Automakers Fail to Improve Gas Mileage and Cut Air Pollution

Statement of Dan Becker, director, Safe Climate Campaign,
On the EPA Trends and Performance Reports


Stringent auto mileage and emissions rules have delivered cars and trucks with increasingly better gas mileage, saving consumers more than $50 billion at the pump since 2010 while slashing air pollution–until now. Today’s EPA reports demonstrate the wide gap between what the fleet was supposed to achieve and what automakers delivered. The rules projected a gas mileage gain of 1.0 mpg among 2016 models; the new-car fleet improved only 0.1 mpg, the barest minimum.

Projected improvement? 1 mpg. Delivered? One-tenth of 1 mpg. The auto companies missed the targeted improvement by 90 percent. This is auto mechanics, not rocket science. They have the technology to improve mileage. The standards need to be strengthened, not weakened. It doesn’t take a very stable genius to figure that out.

As in recent years, automakers chose to shift production from cars to gas-guzzling SUVs and other light trucks, thwarting the very standard they agreed to.

Automakers are taking advantage of loopholes they demanded in the rules—and grabbing huge markups on many SUVs and pickups—as they put Americans into gas-guzzling behemoths often hauling no more cargo than a cappuccino from Starbucks.

As written, the standard is the biggest single step any nation has taken to fight global warming and cut oil use. What’s behind the minuscule fuel efficiency gain? In 2013, gas mileage began to stagnate as automakers pushed consumers to buy gas-guzzling SUVs and other trucks, their most profitable line. (GM takes a $35,000 markup on a Cadillac Escalade that it sells for $73,000, the Detroit News reported). The huge markups on its biggest SUVs and pickups explain why the industry spends so much of its roughly $15 billion annual marketing budget cajoling consumers to buy trucks.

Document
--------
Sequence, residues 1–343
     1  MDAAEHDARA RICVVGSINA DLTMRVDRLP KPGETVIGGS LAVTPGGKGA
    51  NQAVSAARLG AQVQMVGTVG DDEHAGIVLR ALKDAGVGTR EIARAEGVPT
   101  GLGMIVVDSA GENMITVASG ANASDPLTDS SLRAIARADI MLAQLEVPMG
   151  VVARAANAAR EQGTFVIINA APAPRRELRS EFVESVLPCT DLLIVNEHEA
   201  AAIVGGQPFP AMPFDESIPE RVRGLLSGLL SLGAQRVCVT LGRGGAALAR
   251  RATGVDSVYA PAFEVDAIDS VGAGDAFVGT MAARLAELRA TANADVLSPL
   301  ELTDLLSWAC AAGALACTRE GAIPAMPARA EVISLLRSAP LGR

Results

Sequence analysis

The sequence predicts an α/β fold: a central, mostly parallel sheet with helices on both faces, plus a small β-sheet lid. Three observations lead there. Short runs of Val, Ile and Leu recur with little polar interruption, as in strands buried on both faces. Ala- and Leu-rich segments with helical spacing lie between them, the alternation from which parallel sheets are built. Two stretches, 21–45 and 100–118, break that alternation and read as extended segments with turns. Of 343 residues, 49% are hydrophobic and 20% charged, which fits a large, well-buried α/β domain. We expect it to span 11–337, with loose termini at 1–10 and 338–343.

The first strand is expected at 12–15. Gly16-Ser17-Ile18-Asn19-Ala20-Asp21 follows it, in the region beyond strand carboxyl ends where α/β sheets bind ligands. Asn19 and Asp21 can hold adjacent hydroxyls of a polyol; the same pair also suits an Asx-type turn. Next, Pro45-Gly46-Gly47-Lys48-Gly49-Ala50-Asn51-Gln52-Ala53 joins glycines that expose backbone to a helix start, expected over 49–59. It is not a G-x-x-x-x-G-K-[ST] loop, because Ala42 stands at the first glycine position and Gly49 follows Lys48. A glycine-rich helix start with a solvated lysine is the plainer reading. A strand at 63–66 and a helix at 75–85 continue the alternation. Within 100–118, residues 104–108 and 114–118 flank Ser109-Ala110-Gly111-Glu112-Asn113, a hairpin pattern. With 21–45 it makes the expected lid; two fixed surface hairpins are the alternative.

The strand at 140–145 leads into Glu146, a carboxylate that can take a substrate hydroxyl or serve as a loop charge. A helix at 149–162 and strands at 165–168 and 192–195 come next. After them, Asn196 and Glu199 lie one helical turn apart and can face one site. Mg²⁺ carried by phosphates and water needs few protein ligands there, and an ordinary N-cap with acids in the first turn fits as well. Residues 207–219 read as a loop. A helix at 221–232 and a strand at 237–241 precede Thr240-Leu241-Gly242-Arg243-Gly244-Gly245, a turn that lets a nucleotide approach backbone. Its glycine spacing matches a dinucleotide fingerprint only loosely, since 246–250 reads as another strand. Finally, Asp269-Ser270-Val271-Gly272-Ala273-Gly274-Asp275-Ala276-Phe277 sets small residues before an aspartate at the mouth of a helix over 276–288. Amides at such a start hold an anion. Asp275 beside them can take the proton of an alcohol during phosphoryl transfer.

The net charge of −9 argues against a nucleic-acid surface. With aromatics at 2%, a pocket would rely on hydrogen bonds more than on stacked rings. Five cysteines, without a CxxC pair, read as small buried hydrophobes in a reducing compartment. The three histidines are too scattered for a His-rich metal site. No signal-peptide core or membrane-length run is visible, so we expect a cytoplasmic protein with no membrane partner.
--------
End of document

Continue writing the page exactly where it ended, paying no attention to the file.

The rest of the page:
With nearly 50% markups on many SUVs and pickups, no wonder the auto companies are colluding with the Trump administration to weaken the rules, giving us gas-guzzling Trumpmobiles, stagnant gas mileage and more pollution.

Key details:

The U.S. 3 lagged all foreign manufacturers in gas mileage, topped all in emissions, and failed to use many key efficiency technologies.

  • Ford, GM and Fiat Chrysler delivered the worst fuel efficiency of any of the 13 major manufacturers.
  • While individual U.S. automakers deployed some advanced gas-saving technologies, the companies fell far behind most foreign competitors in the overall use of such long-established technologies as stop-start systems and continuously variable transmissions.
  • Eight companies, including the U.S. 3, failed to hit their targets even with the use of such loopholes as claiming credit for equipping vehicles with an improved air conditioning refrigerant or taking “off-cycle” credits for installing solar car-roof panels.

The auto mileage trends report from the Environmental Protection Agency can be found here. The agency’s performance report can be found here.

The Safe Climate Campaign, a project of the Center for Auto Safety, advocates strong measures to fight global warming.